CJSDRC presents at 25th World Congress of the International Political Science Association (IPSA)

Michael Wilson, Dr Erin O’Brien, Michelle Ringrose and Dr Helen Berents at the IPSA 25th World Congress

This week four members of the CJSDRC (Crime Justice and Social Democracy Research Centre) presented at the 25th World Congress of the International Political Science Association (IPSA); joining over 2000 delegates in Brisbane from the 21-25 July. 

 The IPSA World Congress brings together delegates from over the world to discuss diverse and pressing issues facing political institutions and political practices at local, national and international levels. This year’s theme was ‘Borders and Margins’.

 Across four busy days Dr Erin O’Brien, Dr Helen Berents, Michelle Ringrose, and Michael Wilson presented on several exciting research projects they are currently undertaking. Dr Erin O’Brien and PhD Candidate Michael Wilson presented a paper together on “Alternative tweeting: reclaiming institutions from the Trump Presidency” in a session on political participation on the internet. Michelle Ringrose, also a PhD Candidate with the Centre, presented on her ongoing PhD research with a paper titled “Gendered Narratives in Genocidal Crimes: An Analysis of Civil Society Representations of the Yazidi Genocide”.  Dr Helen Berents’ paper, in a session on violence, images and world politics was titled “Violence, Compassion and Spectacle: The Politics of Sharing Images of Suffering Children”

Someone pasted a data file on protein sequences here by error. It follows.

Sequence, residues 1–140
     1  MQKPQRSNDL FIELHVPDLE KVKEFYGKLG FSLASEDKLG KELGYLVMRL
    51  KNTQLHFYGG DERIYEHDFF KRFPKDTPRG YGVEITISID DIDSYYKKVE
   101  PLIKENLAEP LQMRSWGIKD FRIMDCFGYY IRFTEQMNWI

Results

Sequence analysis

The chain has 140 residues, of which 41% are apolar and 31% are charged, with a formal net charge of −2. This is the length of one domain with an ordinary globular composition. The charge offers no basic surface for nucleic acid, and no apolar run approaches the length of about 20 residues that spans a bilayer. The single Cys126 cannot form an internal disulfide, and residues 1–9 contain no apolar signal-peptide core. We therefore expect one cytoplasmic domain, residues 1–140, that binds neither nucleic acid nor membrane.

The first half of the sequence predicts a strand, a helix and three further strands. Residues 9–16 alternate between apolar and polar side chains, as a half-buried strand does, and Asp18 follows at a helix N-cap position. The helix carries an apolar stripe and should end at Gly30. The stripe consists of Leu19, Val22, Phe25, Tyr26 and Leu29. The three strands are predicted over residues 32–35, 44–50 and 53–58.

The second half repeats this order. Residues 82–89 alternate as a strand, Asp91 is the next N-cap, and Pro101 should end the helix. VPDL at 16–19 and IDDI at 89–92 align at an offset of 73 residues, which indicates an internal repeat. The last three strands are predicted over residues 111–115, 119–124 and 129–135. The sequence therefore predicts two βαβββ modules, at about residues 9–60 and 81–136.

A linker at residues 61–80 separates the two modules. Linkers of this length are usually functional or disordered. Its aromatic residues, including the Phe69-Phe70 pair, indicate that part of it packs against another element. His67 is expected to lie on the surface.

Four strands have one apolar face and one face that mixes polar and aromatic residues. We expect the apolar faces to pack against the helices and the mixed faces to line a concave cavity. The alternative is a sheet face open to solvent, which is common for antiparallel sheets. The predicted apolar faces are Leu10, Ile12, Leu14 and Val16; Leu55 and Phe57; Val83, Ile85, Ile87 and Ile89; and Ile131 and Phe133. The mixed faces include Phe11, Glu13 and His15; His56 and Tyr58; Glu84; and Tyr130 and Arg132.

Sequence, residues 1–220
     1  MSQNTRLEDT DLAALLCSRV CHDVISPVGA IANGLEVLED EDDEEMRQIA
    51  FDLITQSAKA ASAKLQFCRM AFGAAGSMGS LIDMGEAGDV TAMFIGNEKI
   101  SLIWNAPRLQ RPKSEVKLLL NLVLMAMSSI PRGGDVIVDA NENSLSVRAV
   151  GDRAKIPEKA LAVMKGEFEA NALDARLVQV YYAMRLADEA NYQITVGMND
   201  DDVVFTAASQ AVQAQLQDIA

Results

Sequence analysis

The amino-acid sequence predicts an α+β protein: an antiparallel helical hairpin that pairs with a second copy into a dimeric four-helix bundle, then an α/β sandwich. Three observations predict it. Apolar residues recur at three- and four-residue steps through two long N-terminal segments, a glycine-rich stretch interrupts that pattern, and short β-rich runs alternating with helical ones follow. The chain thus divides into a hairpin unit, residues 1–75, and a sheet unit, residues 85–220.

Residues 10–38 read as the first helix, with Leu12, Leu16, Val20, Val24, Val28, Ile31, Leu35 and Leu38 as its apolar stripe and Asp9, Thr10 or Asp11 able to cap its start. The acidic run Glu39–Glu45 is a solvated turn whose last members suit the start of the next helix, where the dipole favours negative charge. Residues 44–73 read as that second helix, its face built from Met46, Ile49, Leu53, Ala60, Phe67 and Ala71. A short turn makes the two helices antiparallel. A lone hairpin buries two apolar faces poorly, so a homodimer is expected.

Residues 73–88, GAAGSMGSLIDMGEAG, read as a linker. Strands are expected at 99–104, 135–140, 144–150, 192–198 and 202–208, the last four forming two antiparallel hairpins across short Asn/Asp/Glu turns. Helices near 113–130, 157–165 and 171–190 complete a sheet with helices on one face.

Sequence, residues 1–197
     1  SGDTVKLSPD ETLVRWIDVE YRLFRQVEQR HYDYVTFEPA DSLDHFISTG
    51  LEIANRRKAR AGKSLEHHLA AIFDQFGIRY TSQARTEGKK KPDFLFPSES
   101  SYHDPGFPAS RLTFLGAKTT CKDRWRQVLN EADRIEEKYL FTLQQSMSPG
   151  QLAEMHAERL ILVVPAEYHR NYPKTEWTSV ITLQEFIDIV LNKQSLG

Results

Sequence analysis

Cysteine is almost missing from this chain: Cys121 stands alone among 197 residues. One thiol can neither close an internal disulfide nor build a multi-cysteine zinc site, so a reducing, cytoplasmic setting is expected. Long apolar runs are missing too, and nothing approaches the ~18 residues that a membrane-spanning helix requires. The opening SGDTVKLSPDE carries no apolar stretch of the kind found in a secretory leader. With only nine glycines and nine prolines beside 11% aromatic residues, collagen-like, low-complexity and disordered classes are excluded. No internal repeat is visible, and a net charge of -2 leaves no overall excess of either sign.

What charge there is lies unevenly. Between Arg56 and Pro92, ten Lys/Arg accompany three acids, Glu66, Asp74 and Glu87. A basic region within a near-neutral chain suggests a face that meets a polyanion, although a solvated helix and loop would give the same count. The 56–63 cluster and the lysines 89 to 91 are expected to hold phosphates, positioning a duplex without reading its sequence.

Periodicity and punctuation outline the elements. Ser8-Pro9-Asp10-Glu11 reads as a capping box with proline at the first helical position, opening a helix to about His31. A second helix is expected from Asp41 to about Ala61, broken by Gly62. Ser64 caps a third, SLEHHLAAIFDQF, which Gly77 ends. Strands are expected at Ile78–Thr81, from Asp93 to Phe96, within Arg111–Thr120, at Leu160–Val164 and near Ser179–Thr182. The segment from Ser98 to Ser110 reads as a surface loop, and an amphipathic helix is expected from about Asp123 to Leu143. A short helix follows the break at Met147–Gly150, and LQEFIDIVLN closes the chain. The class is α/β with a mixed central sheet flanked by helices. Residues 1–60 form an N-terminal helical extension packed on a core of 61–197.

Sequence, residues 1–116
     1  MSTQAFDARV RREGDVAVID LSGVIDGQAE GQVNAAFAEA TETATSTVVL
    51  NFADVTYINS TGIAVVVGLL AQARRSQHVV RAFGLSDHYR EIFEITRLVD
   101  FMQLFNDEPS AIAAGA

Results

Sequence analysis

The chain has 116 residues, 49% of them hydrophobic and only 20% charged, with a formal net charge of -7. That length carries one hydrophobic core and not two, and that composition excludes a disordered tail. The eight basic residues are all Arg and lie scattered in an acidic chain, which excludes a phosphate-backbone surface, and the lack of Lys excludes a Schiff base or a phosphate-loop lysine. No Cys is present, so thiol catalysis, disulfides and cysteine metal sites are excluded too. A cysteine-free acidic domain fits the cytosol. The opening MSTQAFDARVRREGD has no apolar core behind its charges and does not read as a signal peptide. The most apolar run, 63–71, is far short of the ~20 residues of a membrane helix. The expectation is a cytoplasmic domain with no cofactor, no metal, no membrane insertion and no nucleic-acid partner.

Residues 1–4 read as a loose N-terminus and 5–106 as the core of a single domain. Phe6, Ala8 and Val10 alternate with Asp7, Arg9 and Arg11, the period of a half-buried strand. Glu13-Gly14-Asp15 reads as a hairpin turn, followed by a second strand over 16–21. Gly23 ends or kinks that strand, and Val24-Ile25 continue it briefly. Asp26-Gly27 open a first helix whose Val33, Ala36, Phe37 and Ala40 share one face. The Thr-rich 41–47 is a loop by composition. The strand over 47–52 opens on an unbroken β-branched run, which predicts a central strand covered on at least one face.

Policing in the South Pacific: University of the South Pacific

 

Image 1                                                                  Image 2

Image 1:  John Scott with members of the USP Policing Program, Danielle Watson and Casandra Harry

Image 2:  Vice Chancellor of the University of the South Pacific, Professor Rajesh Chandra

CJRC member and Acting Head of School of Justice at QUT, Professor John Scott, recently visited the University of the South Pacific’s main Fiji campus where he engaged with staff in the School of Social Sciences about a number of ongoing initiatives in the space of southern criminology. In particular, QUT staff, and staff of the Pacific Policing Program, USP, are collaborating on projects  looking at policing in the Pacific, and the ecology of crime in island communities.

The Discipline Coordinator of the USP Policing program, Dr Danielle Watson is an Adjunct with the School of Justice

 

 

 

 

 

Recently published: Technology facilitated coercive control: Domestic violence and the competing roles of digital media platforms